Page 1 of 2 12 LastLast
Results 1 to 15 of 26
Like Tree10Thanks

Math Help - Prove x > ln(1+x) for all x > 0

  1. #1
    Member
    Joined
    Oct 2013
    From
    Washington state
    Posts
    77
    Thanks
    1

    Prove x > ln(1+x) for all x > 0

    Show that x > \ln(1+x) for any x > 0
    Follow Math Help Forum on Facebook and Google+

  2. #2
    MHF Contributor
    Joined
    Nov 2010
    Posts
    1,880
    Thanks
    742

    Re: Prove x > ln(1+x) for all x > 0

    Let f(x) = x - \ln(1+x). Now, you need to show f(x)>0 for all x>0. What is f(0)? Knowing that, how would you show f(x)>0 for all x>0?
    Thanks from topsquark and Shakarri
    Follow Math Help Forum on Facebook and Google+

  3. #3
    MHF Contributor

    Joined
    Aug 2006
    Posts
    18,677
    Thanks
    1618
    Awards
    1

    Re: Prove x > ln(1+x) for all x > 0

    Quote Originally Posted by vidomagru View Post
    Show that x > \ln(1+x) for any x > 0
    Do you know Napier's inequity?
    If 0<a<b then \frac{1}{b} < \frac{{\log (b) - \log (a)}}{{b - a}} < \frac{1}{a}. Easily proven by the mean value theorem.

    Into that inequality substitute b=x+1~\&~a=1. What you ask falls right out.
    Thanks from topsquark
    Follow Math Help Forum on Facebook and Google+

  4. #4
    Member
    Joined
    Oct 2013
    From
    Washington state
    Posts
    77
    Thanks
    1

    Re: Prove x > ln(1+x) for all x > 0

    Quote Originally Posted by SlipEternal View Post
    Let f(x) = x - \ln(1+x). Now, you need to show f(x)>0 for all x>0. What is f(0)? Knowing that, how would you show f(x)>0 for all x>0?
    Is this right?
    f(0) = 0 - \ln(1 + 0) = \ln(1) = 0. By definition of \ln(x), \ln(x+1) is always positive for all x > 0. So...?
    Follow Math Help Forum on Facebook and Google+

  5. #5
    MHF Contributor
    Joined
    Nov 2010
    Posts
    1,880
    Thanks
    742

    Re: Prove x > ln(1+x) for all x > 0

    You know that f(0)=0, so if f(x)>0 for x>0 then the function must increase. Show that f'(x)>0 for x>0. After that, you know that f(x) is continuous on [0,a] and differentiable on (0,a) for any a>0. Use the Mean Value Theorem.
    Thanks from vidomagru and topsquark
    Follow Math Help Forum on Facebook and Google+

  6. #6
    Member
    Joined
    Oct 2013
    From
    Washington state
    Posts
    77
    Thanks
    1

    Re: Prove x > ln(1+x) for all x > 0

    Quote Originally Posted by SlipEternal View Post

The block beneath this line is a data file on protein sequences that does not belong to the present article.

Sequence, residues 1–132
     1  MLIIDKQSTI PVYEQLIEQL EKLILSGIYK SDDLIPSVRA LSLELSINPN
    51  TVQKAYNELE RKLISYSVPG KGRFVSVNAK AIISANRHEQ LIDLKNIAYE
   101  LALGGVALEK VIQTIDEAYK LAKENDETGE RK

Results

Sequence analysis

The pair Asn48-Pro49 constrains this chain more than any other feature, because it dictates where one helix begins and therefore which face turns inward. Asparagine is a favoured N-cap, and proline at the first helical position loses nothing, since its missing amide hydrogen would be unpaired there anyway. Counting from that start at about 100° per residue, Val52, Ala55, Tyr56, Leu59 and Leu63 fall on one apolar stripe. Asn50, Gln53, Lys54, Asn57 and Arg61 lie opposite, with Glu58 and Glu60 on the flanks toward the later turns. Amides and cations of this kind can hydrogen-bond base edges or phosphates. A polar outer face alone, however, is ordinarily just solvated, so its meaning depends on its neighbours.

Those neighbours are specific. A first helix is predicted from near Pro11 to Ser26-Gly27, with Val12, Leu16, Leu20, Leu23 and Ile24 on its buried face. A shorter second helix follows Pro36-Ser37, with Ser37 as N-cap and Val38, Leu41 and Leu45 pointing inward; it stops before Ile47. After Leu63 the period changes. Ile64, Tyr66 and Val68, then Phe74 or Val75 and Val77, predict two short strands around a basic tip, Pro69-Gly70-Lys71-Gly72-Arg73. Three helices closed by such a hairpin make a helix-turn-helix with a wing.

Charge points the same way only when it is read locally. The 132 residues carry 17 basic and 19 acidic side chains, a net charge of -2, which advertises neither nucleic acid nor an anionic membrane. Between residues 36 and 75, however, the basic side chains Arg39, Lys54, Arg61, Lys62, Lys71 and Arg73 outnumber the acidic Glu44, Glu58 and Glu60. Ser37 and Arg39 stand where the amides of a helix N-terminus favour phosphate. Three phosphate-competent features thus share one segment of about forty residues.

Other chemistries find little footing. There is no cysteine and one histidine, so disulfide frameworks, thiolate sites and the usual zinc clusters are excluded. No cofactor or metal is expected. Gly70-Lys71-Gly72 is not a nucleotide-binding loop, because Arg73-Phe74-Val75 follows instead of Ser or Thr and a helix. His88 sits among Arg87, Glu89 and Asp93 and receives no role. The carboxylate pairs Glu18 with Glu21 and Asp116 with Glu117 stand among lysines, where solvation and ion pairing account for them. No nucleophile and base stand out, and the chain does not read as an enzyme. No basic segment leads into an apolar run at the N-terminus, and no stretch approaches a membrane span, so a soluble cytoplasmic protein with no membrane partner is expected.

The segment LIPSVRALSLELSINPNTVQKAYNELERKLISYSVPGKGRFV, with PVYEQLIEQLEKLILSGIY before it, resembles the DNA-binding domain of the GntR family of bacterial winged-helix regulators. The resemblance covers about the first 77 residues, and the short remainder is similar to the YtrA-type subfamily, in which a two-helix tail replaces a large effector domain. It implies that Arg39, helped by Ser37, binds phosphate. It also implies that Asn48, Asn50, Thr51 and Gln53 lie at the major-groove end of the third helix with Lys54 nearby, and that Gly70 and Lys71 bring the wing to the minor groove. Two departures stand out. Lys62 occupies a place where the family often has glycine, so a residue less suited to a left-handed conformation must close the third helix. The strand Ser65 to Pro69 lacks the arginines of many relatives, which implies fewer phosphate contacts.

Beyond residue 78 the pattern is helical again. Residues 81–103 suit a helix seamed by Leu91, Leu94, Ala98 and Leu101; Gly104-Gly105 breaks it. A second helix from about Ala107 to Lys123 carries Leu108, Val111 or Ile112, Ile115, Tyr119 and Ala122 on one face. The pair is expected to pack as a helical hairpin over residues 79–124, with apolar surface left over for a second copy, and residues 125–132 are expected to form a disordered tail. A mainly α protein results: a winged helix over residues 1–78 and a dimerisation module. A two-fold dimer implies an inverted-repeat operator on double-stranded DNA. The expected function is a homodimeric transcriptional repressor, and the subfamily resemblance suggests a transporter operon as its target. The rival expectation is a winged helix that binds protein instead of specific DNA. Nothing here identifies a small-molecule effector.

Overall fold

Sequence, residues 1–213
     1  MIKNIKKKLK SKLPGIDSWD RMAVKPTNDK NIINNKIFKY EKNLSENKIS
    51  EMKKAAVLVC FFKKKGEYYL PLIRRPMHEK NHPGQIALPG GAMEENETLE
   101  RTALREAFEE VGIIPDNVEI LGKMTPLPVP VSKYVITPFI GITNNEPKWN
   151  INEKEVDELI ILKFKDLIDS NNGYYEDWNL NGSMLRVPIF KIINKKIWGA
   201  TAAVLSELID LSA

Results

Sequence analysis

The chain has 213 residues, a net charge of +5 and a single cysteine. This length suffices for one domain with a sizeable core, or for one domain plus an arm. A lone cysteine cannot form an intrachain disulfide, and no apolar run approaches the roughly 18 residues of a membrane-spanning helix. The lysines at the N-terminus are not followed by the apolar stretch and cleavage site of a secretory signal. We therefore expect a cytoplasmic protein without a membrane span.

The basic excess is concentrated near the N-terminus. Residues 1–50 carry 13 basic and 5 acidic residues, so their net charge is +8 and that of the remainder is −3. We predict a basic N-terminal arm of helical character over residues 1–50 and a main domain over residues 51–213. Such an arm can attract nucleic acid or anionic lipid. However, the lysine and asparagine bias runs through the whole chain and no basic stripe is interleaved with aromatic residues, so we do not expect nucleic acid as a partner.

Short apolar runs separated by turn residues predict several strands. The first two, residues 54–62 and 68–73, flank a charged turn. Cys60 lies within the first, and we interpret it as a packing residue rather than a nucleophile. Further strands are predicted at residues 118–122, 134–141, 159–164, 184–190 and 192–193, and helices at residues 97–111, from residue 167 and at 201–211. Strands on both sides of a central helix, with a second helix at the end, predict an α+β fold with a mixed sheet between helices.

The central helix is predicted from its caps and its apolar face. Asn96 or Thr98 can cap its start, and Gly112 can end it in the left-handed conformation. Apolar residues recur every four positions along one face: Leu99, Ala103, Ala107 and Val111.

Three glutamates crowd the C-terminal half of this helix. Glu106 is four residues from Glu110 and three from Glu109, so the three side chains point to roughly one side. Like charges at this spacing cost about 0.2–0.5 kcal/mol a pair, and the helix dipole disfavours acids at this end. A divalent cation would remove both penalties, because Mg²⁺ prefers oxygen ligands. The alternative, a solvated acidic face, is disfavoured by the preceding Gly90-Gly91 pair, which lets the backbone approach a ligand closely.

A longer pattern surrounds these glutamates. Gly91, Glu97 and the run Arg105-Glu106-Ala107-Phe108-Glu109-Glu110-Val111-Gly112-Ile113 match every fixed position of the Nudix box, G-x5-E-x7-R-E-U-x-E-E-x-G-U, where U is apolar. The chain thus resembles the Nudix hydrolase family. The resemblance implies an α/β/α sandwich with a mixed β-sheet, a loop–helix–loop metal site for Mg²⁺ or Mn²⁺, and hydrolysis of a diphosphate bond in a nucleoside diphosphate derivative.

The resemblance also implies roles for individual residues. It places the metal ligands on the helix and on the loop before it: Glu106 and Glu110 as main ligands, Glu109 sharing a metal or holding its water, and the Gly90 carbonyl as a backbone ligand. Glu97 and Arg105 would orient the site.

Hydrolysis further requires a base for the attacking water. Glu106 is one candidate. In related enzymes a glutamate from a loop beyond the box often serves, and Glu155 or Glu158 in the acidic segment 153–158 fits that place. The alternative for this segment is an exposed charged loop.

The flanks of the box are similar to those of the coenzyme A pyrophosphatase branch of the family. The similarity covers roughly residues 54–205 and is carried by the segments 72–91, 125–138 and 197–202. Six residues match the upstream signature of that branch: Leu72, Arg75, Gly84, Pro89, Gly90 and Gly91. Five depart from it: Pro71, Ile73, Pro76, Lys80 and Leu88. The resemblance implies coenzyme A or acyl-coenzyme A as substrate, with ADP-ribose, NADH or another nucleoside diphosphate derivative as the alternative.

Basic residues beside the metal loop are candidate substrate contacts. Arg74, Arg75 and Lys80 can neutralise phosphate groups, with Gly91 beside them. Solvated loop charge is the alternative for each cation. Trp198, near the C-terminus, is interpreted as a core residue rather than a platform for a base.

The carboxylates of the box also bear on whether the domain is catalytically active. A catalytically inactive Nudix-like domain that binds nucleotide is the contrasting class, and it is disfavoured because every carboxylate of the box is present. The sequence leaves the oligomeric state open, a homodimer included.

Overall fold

You know that f(0)=0, so if f(x)>0 for x>0 then the function must increase. Show that f'(x)>0 for x>0. After that, you know that f(x) is continuous on [0,a] and differentiable on (0,a) for any a>0. Use the Mean Value Theorem.
    To show this let f(x) = x - \ln(1+x); and finding the derivative of f(x) we have: f'(x) = 1 - \frac{1}{1+x} = \frac{x}{1+x} which is clearly positive for all x > 0. We know that f(0) = 0 and that f(x) is continuous on [0,a] and differentiable on (0,a) for any a>0. So using the mean value theorem we have:

    \frac{f(a) - f(0)}{a-0} = \frac{f(a)}{a} = \frac{a - \ln(1+a)}{a} = \frac{x}{1+x}.

    I am not sure how to manipulate it from there. Is that right so far?
    Thanks from topsquark
    Follow Math Help Forum on Facebook and Google+

  7. #7
    MHF Contributor
    Joined
    Nov 2010
    Posts
    1,880
    Thanks
    742

    Re: Prove x > ln(1+x) for all x > 0

    Quote Originally Posted by vidomagru View Post
    To show this let f(x) = x - \ln(1+x); and finding the derivative of f(x) we have: f'(x) = 1 - \frac{1}{1+x} = \frac{x}{1+x} which is clearly positive for all x > 0. We know that f(0) = 0 and that f(x) is continuous on [0,a] and differentiable on (0,a) for any a>0. So using the mean value theorem we have:

    \frac{f(a) - f(0)}{a-0} = \frac{f(a)}{a} = \frac{a - \ln(1+a)}{a} = \frac{x}{1+x}.

    I am not sure how to manipulate it from there. Is that right so far?
    Yes, that is right so far. Next, you know there exists c\in (0,a) such that f'(c) = \frac{f(a)}{a} so f(a) = a\cdot f'(c). You just showed that f'(c)>0 and this is true for any a>0. The product of two positive numbers is positive. So, f(a) is positive. Again, this is true for any a>0. So, you are done.
    Thanks from topsquark
    Follow Math Help Forum on Facebook and Google+

  8. #8
    Member
    Joined
    Oct 2013
    From
    Washington state
    Posts
    77
    Thanks
    1

    Re: Prove x > ln(1+x) for all x > 0

    So here is a revamped attempt at the whole underlying question:

    Problem:
    Let x_n = 1 + \frac{1}{2} + \frac{1}{3} + ... + \frac{1}{n} - \ln(n) where n = 1,2,3,...

    Prove that the sequence {x_n} converges.

    Hint: Show, first, that x > \ln(1+x) for any x > 0. Then show that the sequence {x_n} decreases and x_{n+1} - x_n < \frac{1}{2(n+1)^2}. Use the theorem about the convergence and divergence of p-series to complete the proof.

    So here is what I have following the hint from above, but I have some blanks that I don't know how to fill in, and I am not sure if this is a good proof?

    First we show that x > \ln(1+x).
    To show this let f(x) = x - \ln(1+x); and finding the derivative of f(x) we have: f'(x) = 1 - \frac{1}{1+x} = \frac{x}{1+x} which is clearly positive for all x > 0. We know that f(0) = 0 and that f(x) is continuous on [0,a] and differentiable on (0,a) for any a>0. So using the mean value theorem we have:

    \frac{f(a) - f(0)}{a-0} = \frac{f(a)}{a} = \frac{a - \ln(1+a)}{a} = \frac{x}{1+x}.